Readers who take the ""barefoot boy"" nickname literally will be surprised to learn that Romulo was a protegee of Philippine...

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ROMULO: Barefoot Boy of Diplomacy

Readers who take the ""barefoot boy"" nickname literally will be surprised to learn that Romulo was a protegee of Philippine Senate President Manuel Quezon while still in high school, and that he gave up his American sweetheart at the request of his ""guardian"" in the United States, none other than President Taft. But deLeeuw's failure to define Romulo's social milieu is merely symptomatic of her thin misty-eyed treatment: the segments on Bataan and Corregidor adopt the tone of wartime Hollywood patriotism (""the Japanese had been ferreted out of their holes,"" etc.); and, after inadequately summarizing Romulo's position on various world issues, the author has an annoying habit of cutting off discussion with the observation that ""later events proved him right."" More background on Philippine politics and less genteel sentiment might have helped us to evaluate Romulo's reputation as the ""Philippine Kissinger.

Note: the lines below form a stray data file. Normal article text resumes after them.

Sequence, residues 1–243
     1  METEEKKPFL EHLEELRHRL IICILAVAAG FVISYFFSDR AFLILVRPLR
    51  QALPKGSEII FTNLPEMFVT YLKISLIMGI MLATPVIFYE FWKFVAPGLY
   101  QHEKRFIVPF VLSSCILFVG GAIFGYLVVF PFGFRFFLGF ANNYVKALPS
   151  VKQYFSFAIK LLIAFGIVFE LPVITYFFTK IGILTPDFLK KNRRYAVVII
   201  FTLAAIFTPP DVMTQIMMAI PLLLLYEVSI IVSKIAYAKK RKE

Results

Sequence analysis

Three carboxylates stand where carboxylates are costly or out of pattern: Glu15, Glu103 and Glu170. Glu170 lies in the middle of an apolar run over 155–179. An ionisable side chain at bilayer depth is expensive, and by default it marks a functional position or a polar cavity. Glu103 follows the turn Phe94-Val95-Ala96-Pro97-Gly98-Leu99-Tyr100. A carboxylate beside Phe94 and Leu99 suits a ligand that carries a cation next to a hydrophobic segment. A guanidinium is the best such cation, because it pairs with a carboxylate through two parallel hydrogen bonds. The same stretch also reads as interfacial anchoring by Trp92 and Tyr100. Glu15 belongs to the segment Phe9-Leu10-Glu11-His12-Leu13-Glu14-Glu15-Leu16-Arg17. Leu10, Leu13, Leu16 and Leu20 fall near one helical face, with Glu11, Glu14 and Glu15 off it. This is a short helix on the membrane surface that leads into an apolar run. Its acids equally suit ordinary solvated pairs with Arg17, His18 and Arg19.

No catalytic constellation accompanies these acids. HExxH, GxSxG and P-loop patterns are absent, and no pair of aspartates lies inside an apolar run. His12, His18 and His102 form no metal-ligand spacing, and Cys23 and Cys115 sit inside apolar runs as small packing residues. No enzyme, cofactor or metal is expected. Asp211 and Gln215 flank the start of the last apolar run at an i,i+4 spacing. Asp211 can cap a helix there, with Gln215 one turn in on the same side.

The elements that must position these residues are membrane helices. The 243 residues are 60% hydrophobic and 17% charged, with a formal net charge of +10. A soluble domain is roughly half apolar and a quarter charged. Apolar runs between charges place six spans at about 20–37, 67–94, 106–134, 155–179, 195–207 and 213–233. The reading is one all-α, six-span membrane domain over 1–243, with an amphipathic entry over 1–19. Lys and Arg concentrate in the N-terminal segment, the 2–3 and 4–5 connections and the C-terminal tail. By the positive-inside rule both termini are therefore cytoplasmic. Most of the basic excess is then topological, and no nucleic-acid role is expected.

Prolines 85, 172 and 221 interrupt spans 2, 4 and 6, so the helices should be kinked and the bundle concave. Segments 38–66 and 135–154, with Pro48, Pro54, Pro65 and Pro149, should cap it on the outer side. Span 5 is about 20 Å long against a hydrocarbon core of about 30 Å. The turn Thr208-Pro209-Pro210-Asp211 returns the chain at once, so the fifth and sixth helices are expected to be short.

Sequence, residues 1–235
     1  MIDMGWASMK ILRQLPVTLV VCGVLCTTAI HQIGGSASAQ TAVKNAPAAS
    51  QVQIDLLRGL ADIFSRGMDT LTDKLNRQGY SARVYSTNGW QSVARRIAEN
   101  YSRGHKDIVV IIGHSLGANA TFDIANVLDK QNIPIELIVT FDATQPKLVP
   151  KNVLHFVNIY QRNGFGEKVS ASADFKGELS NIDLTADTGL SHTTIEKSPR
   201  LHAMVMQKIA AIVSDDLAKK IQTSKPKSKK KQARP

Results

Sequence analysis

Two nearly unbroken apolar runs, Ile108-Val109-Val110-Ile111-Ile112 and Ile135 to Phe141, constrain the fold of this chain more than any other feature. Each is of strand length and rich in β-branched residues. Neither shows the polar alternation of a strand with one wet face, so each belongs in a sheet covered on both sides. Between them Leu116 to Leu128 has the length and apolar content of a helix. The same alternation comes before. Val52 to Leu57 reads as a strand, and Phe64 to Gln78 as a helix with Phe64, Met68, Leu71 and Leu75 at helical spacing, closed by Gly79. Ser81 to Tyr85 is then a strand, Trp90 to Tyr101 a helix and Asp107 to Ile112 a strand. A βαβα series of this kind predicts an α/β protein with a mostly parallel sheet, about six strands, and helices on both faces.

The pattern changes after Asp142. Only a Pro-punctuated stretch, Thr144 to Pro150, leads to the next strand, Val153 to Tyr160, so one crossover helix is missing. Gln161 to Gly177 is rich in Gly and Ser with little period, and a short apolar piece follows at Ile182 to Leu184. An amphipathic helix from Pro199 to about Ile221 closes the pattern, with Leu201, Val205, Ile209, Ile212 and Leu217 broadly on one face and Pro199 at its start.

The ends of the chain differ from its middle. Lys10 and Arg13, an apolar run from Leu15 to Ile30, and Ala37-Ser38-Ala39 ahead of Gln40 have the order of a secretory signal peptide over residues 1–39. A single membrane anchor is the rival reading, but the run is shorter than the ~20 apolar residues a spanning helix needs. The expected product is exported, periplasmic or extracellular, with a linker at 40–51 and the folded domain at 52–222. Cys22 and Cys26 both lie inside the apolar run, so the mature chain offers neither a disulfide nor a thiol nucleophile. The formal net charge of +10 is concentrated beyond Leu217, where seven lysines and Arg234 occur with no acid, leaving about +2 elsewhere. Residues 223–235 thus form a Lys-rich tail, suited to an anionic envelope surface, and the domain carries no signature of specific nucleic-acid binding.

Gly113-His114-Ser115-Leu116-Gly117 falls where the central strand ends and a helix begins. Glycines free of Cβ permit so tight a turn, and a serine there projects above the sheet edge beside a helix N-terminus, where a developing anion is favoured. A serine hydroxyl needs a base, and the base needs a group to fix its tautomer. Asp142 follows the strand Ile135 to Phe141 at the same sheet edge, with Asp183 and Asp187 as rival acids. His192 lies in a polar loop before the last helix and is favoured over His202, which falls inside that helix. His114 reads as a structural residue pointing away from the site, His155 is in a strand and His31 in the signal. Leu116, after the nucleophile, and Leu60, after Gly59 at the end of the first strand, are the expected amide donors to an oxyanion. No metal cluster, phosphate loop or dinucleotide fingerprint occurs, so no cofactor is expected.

Pub Date: April 19, 1976

ISBN: N/A

Page Count: -

Publisher: Westminster

Review Posted Online: N/A

Kirkus Reviews Issue: April 1, 1976